Education

Segregated Dining At Brown University Part Of ‘Racial Reconciliation’

David Krayden Ottawa Bureau Chief

Southern Jim Crow laws might be history but segregation is making a comeback at Brown University.

Brown University has decided to offer a new kind of segregation, but now it’s being billed as “racial reconciliation” as the academic institution promotes segregated “dinner discussion groups” where black students can sit by themselves. Muslim women are also separated from others who are not of their sex and religion.

In the wake of the Charlottesville riots, the university is using a $30,000 grant from the Association of American Colleges and Universities to “break down racial hierarchies and create a positive narrative about race in the community,” reports the The Brown Daily Herald.

The source of the funding is the Newman’s Own Foundation and the W.K. Kellogg Foundation. Brown University Chaplain Rev. Janet Cooper-Nelson will be leading these reconciliation discussions, which she told the Brown newspaper will “allow the women to engage in topics such as the intersection of race, Islam and gender fluidity.”

Jamall Calloway, a Center for the Study of Race and Ethnicity in America fellow, told the paper that he is optimistic the segregated groups won’t avoid controversial issues.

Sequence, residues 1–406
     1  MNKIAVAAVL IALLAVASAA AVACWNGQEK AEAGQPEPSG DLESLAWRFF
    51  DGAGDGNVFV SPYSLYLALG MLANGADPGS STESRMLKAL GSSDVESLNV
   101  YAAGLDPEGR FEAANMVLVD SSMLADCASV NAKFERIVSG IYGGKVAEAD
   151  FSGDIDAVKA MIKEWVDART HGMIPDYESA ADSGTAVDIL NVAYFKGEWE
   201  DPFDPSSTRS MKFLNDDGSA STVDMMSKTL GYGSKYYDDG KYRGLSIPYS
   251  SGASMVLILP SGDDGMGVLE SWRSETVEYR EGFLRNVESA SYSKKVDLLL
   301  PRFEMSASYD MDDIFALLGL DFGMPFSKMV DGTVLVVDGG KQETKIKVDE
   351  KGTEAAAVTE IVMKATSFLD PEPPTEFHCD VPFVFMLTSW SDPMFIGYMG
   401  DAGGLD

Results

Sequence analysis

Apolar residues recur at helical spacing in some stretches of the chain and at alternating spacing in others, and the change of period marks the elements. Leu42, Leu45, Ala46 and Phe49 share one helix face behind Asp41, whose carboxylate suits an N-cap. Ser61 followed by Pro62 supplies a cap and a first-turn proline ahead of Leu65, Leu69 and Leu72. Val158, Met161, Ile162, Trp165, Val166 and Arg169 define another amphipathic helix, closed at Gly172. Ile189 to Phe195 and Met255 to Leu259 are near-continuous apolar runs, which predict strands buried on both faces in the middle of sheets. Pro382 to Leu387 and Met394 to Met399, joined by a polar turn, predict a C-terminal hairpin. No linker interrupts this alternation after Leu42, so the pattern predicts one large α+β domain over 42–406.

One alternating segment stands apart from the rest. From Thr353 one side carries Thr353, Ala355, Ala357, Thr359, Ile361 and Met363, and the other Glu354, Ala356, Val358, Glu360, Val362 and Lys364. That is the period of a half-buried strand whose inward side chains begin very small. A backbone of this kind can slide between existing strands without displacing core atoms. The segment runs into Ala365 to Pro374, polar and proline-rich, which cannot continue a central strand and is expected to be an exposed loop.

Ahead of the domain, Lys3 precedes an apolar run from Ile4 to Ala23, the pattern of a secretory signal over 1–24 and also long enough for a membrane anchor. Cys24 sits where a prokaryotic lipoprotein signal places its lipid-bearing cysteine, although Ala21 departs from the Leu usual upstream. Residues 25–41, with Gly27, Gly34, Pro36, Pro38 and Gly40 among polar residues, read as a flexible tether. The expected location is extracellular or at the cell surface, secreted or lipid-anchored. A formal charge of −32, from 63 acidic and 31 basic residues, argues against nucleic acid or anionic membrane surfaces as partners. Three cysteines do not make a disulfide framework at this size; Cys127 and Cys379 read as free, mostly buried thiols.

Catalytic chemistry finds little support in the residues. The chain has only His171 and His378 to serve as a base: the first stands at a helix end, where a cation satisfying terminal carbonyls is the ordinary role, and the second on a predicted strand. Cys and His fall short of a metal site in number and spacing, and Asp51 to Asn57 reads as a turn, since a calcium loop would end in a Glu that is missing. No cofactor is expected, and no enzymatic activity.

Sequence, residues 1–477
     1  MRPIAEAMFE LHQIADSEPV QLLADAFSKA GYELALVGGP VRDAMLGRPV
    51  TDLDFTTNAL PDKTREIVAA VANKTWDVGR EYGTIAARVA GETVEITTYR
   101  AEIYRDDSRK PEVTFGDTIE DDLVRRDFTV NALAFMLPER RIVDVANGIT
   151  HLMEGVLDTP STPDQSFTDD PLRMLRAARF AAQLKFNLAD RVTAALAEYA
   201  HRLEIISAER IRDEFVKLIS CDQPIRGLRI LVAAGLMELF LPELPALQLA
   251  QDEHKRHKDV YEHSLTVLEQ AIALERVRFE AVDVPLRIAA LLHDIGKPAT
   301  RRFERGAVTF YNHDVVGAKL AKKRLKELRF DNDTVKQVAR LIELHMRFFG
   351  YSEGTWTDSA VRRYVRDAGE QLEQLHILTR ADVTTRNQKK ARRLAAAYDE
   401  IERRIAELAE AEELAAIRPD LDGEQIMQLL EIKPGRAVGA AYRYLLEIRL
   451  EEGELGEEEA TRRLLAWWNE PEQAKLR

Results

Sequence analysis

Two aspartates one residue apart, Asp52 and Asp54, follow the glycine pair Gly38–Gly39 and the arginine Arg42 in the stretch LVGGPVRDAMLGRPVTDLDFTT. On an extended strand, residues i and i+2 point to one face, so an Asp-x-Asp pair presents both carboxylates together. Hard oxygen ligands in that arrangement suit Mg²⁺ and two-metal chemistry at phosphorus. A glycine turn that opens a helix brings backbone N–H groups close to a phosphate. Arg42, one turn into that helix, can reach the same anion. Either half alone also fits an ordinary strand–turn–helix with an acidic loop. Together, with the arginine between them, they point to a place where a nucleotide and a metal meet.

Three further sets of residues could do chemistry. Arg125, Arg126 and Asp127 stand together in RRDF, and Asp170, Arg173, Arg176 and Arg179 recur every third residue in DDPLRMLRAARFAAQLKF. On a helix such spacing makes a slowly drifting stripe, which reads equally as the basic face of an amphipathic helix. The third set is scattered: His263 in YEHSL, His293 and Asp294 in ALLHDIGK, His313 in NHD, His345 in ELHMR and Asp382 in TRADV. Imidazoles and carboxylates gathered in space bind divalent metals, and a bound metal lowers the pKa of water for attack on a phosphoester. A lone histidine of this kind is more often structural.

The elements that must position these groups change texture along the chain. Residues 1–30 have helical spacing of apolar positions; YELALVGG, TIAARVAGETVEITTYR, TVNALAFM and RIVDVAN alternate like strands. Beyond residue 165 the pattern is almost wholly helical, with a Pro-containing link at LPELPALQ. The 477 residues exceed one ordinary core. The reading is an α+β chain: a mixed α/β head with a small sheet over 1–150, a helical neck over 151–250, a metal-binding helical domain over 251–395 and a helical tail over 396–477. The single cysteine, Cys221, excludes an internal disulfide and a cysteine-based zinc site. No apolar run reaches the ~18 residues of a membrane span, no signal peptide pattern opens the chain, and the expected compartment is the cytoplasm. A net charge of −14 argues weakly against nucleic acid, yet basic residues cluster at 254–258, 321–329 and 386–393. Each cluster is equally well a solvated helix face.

“I want to make sure that justice and liberation and fairness for black people isn’t compromised in rhetoric that focuses on healing and reconciliation,” Calloway said.

Brown is just one of 10 universities that the Association of American Colleges and Universities has chosen to bring the message of “transformative change” to students across America while they consider the “historic and contemporary effects of racism.”

While encouraging neo-segregation, the association says participating universities should be prepared to “educate, prepare and inspire the next generation of leaders to advance justice and build equitable communities.”

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